In less than two weeks, new Bears’ head coach, Marc Trestman, along with his boss, GM Phil Emery, assembled a complete and nearly, completely new, coaching staff. Special attention will undoubtedly be paid to offensive coaches Aaron Kromer and Matt Cavanaugh, but the hire of ex-Jacksonville assistant, Mel Tucker, as the new defensive coordinator might be the shrewdest move of all, allowing for a smooth transition from the Lovie Smith era, both on the field and in the locker room.
Hiring newly retired ex-Bears safety, Chris Harris, doesn’t hurt, either. Now the players on defense who seemed most upset over Smith’s firing, have been duly placated and the business of important roster moves can proceed, beginning with free agency in the next few weeks and culminating with April’s college draft.
A rundown of the Bears’ depth chart reveals most of the starting pieces still in place for one more year, but a few key moves need to be made before training camp in Bourbonnais come July.
Quarterback: It’s Jay Cutler and nobody else, really – at least not yet. Trestman will try to succeed with Cutler where many others have failed, i.e., make him an elite signal-caller. If he fails, this time it will be Cutler taking the fall instead of the coach as this is his final contract year with the Bears. Of more immediate concern is deciding whether Jason Campbell is worth the money and still has the chops to be the back-up who doesn’t miss a beat in the event of a Cutler injury. Last year, Campbell looked lost and there are free agents like Tarvaris Jackson who might bring more mobility at less expense.
Running Backs: Matt Forte and Michael Bush will return as a formidable 1-2 punch with more emphasis on catching the ball out of the backfield under Trestman’s West “Canadian” Coast offense. A speedy “scat-back” on third downs would be a nice addition, probably coming from either the late rounds of the draft or a cheap free agent pick-up.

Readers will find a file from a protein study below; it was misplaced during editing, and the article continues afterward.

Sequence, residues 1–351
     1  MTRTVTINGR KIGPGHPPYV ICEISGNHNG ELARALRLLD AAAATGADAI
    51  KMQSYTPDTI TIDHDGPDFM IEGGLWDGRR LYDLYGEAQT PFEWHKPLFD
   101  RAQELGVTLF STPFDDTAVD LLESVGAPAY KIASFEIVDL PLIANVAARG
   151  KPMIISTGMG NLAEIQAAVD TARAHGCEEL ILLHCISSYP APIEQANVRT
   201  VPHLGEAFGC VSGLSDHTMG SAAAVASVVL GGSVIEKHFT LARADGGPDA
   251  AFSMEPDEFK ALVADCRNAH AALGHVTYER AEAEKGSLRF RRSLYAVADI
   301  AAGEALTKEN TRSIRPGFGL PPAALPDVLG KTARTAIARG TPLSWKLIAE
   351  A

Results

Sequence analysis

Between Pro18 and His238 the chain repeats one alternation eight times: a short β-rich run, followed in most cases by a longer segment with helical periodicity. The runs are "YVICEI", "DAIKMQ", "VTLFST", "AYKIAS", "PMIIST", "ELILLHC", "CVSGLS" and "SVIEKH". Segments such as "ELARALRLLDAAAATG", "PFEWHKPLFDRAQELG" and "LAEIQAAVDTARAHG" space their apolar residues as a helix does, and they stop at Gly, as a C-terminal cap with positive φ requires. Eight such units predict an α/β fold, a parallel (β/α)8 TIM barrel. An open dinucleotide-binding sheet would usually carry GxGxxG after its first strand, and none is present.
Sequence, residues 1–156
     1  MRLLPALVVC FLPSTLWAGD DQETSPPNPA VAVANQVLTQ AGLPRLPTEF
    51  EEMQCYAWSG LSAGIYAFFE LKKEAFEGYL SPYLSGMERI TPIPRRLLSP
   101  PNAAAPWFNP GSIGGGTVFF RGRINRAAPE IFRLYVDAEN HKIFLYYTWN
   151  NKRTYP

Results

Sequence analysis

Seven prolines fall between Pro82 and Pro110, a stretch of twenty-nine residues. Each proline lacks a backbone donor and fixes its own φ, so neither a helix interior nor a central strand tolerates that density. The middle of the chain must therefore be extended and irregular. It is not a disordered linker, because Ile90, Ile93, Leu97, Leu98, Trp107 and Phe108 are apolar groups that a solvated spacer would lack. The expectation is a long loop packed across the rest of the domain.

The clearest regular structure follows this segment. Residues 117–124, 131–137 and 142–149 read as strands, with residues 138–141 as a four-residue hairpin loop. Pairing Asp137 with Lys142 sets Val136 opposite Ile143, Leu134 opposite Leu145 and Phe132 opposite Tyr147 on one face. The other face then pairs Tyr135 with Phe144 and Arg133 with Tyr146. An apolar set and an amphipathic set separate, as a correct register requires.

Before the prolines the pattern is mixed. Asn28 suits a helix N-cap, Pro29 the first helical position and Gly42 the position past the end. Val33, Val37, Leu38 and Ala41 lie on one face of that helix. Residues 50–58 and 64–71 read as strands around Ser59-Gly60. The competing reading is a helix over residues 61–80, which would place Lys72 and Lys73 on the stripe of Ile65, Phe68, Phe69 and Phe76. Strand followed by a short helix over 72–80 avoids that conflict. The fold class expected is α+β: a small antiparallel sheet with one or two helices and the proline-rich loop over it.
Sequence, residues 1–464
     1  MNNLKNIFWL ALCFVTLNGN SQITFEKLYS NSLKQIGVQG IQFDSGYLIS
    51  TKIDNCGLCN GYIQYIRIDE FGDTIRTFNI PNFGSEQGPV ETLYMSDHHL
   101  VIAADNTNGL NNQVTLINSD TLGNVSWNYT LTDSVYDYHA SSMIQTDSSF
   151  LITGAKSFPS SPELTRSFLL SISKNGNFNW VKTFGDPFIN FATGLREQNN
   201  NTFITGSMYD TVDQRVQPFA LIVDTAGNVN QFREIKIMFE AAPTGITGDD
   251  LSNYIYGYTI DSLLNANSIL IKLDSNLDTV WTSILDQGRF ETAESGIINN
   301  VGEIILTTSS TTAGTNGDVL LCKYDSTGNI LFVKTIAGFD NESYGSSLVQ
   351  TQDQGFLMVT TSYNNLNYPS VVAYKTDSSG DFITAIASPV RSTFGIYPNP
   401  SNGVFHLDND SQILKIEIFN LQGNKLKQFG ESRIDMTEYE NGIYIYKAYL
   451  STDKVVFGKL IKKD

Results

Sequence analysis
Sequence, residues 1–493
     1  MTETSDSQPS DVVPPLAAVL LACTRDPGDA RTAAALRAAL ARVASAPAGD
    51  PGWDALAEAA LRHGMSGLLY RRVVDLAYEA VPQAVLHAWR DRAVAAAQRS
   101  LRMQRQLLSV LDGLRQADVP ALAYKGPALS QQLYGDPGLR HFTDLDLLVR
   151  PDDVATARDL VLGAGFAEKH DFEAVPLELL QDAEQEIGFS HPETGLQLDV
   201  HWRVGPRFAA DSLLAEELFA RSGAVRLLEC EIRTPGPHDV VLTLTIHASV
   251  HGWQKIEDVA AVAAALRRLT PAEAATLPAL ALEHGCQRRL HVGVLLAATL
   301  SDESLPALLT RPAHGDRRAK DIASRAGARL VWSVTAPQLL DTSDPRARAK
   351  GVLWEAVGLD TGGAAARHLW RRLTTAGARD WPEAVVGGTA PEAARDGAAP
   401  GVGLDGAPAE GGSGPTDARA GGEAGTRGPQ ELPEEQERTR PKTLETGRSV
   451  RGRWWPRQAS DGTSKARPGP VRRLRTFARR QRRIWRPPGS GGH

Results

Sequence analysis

Offensive Line: New O-line coach Kromer comes up from New Orleans with a reputation for making soufflé out of the usual gumbo the Bears are giving him. The line’s interior looks fairly solid and either Jonathan Scott or Gabe Carimi seems capable of holding down the right tackle spot. This coming college draft is said to be deep in offensive line talent, but picking at #20 in round one is risky and the Bears don’t seem to have what it takes to move up in order to secure a real stud with an earlier pick. Would management risk big free agent bucks on Jake Long whom the Dolphins either don’t want or can’t afford? His triceps injury doesn’t appear ready to finish his career yet, but at $12 million per annum, the stakes are high on this wager. Yet, this is a veteran team needing to get back to the playoffs and Emery’s bet on Brandon Marshall paid off, so why not?
Wide Receivers and Tight-Ends: Marshall showed he could be spectacular reunited with Cutler, yet their tandem wasn’t enough to make the offense great. Alshon Jeffery, when healthy, has terrific potential, but the need for speed in the form a Johnny Knox type deep threat is apparent. Knox won’t likely return, maybe not ever, and if the Bears sign Long to shore-up their offensive line, then they can use their top pick on a burner in the draft, similar to the Falcons finding Julio Jones. In today’s NFL, you can’t have enough dynamic receivers.
The Bears would gladly settle for just a dependable pass-catcher at tight-end, but that guy isn’t on the roster unless Aaron Rodriguez is replaced by a real fullback and allowed to return to his natural position. Free agent possibilities exist for an upgrade here.
On defense, the Bears are mostly set, ready to bring back a unit which defied age and lowered expectations last season in becoming the team’s main strength, especially during their 7-1 start. Defensive tackle, Henry Melton, must be re-signed to keep the line formidable and young defensive ends, Corey Wootton and Shea McClellin, need to keep improving in order to extend the career of Pro Bowler, Julius Peppers.
At linebacker, Lance Briggs is the only sure thing, with Nick Roach likely back to cushion to blow of not re-signing Brian Urlacher. Urlacher may still be serviceable, but that’s money better spent on Jake Long. Put Roach back in the middle and draft a blitzing quarterback killer in order to transition this unit the way the front four has begun to evolve.
While it’s too much to ask cornerbacks Charles Tillman and Tim Jennings to be as good in 2013 as they were in 2012, becoming Pro Bowl starters each, fixing parts that aren’t broken isn’t a priority. During Smith’s tenure, the Bears always ended up drafting or signing a safety, most of them ending up busts. While not as secure as the corners, both Major Wright and Chris Conte remain the incumbents until further notice.